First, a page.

Every class is the same.  We spend ninety minutes performing twenty six postures and two breathing exercises.  There are no advanced classes…all classes are for beginners, hence we get to practice forever.
Generally, sixty three year old males don’t bend very well.  I was never able to touch my toes.  It can be very intimidating doing Yoga with twenty-something year old women who can bend themselves into pretzels, but I heard about the medical benefits of Yoga and I wanted that.  So I practice Yoga.
One of my teachers, Leo, gets very philosophical in his lively repartee.

One morning as I tried to do a backward bend called Supta Virasana or the fixed firm pose, I felt as if my back would snap.

Leo said something that really helped.  He said you will do this pose over a thousand times and during those thousand attempts it will be 99% effort and 1% technique. 

Then he said, one day, after so much practice it will reverse…1% effort and 99% technique.
Many months later I was doing the fixed firm when I went back as far as I could, and without pain, I fell right into the posture, just as Leo promised.

All practice is like that.  I remember placing my first implant, doing my first filling in dental school, giving my first injection.  The real question is why we have so much trouble practicing the soft skills of presentation.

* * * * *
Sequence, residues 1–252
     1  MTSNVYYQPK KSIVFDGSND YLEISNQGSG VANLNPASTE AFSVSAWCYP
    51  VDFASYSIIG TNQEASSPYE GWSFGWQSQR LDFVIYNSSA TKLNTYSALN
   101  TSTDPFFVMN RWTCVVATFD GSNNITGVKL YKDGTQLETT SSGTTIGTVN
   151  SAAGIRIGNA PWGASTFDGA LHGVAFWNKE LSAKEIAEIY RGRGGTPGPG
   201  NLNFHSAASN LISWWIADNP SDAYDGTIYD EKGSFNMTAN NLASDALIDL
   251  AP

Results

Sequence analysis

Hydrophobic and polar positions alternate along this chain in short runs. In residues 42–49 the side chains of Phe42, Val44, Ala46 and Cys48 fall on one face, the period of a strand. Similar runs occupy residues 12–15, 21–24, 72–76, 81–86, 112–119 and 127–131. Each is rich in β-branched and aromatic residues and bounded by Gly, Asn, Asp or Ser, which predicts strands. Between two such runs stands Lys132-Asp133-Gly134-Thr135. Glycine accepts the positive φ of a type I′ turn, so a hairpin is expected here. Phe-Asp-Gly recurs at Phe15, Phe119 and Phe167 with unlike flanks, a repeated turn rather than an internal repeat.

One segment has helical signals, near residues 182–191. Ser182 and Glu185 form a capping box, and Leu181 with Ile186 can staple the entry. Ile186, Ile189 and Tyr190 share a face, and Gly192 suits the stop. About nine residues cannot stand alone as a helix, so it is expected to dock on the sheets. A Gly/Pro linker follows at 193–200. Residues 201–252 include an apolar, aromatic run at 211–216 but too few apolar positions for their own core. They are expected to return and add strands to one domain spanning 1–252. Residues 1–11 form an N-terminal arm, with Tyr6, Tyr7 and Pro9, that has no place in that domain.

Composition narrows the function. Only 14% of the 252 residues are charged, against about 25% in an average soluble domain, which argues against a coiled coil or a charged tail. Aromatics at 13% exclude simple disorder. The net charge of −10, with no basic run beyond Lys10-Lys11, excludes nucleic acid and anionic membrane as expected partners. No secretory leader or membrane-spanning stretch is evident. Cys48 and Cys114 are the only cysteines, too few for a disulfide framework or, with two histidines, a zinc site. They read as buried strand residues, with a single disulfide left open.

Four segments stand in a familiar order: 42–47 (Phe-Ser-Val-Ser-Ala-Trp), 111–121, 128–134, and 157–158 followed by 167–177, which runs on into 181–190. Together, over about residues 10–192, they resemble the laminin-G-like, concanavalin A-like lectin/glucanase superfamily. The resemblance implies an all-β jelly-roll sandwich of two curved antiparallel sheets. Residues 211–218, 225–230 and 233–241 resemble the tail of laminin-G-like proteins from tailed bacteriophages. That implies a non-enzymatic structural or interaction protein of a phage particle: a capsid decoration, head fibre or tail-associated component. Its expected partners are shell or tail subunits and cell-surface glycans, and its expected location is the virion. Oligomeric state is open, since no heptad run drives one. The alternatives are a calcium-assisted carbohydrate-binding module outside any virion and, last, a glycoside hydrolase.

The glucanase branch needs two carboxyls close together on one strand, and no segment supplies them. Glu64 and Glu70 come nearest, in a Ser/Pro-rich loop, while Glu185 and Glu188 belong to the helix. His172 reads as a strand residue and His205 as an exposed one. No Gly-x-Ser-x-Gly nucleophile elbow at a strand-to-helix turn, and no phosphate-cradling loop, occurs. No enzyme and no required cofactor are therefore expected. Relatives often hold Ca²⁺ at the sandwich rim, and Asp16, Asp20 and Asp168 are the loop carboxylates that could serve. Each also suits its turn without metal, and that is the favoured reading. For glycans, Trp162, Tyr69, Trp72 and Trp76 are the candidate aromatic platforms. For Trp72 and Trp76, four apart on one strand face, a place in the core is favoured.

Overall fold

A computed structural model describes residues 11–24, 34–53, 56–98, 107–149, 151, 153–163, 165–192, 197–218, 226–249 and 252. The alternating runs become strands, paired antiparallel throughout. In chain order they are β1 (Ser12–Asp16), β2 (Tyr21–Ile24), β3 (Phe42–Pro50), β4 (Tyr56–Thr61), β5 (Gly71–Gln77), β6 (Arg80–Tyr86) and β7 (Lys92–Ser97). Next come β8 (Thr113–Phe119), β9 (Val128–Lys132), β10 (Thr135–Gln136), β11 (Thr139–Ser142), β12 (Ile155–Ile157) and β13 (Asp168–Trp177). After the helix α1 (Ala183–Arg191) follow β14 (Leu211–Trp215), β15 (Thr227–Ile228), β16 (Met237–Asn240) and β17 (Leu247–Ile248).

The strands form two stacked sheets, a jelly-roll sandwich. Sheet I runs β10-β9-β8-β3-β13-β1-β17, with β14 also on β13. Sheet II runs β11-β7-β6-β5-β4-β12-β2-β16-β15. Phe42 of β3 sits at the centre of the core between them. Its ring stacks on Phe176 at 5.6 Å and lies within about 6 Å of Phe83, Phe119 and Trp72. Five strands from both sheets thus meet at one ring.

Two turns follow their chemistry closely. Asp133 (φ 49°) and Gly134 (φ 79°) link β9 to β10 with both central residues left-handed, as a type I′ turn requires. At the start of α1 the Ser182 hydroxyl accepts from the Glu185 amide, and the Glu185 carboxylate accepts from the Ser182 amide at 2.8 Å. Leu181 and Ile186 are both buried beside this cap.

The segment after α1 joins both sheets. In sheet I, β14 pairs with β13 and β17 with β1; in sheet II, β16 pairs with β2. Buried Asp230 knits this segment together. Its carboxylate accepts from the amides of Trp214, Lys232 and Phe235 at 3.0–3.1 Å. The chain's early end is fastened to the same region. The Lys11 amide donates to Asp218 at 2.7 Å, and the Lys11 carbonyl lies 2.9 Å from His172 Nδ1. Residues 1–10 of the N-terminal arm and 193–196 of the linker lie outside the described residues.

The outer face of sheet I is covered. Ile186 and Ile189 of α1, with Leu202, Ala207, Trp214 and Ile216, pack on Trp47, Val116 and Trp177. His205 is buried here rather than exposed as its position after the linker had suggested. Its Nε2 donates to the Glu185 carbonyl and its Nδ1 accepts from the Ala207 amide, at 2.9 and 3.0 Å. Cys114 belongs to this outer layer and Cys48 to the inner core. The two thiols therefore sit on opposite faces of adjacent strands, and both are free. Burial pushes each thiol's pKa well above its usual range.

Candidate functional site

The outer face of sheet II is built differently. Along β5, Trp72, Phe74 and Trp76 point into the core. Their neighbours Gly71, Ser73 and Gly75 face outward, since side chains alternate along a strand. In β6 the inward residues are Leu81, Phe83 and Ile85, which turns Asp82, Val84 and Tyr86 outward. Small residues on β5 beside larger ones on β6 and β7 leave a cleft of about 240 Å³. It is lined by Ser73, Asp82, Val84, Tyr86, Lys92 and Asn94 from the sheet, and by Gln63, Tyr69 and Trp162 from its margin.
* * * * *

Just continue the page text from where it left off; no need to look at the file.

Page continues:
Communication skills, interviewing skills, trust-building and storytelling are all skills that can be learned when we apply consistent effort.  The mythology of every culture tells stories of people who worked hard to master knowledge and skills. 

Science has shown the law of 10,000 hours that has been written about by Malcolm Gladwell in his popular book The Outliers.

Dentistry is a practice like any other.  Through time there is no skill we cannot master.  Most dentists understand this for the technical but give up way too soon with the behavioral.

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Become a Better Presenter in 2013



First of all, happy New Year – and here’s wishing all of you a very healthy and prosperous 2013.

I love this time of year because I get to set new goals.  I love setting goals.  Some years are better than others…but this year I am determined to really make some changes.